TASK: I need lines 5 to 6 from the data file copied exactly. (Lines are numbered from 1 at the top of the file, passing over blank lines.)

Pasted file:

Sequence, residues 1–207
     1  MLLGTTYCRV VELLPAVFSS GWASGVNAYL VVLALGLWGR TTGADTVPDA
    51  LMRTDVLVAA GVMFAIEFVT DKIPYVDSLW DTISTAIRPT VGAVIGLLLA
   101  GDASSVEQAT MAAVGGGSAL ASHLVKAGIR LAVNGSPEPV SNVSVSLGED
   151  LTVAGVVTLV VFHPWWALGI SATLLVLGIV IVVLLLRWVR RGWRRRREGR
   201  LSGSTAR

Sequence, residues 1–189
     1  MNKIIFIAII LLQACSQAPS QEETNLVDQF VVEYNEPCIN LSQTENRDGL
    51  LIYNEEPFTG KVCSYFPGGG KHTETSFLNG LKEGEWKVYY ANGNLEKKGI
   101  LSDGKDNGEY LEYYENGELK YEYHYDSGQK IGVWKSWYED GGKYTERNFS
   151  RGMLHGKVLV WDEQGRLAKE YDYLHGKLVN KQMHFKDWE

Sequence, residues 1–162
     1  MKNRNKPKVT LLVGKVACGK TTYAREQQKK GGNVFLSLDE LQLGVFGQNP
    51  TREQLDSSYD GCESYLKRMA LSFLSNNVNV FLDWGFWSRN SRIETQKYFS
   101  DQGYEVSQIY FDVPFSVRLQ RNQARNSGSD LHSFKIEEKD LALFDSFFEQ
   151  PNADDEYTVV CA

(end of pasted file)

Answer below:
   151  LTVAGVVTLV VFHPWWALGI SATLLVLGIV IVVLLLRWVR RGWRRRREGR
   201  LSGSTAR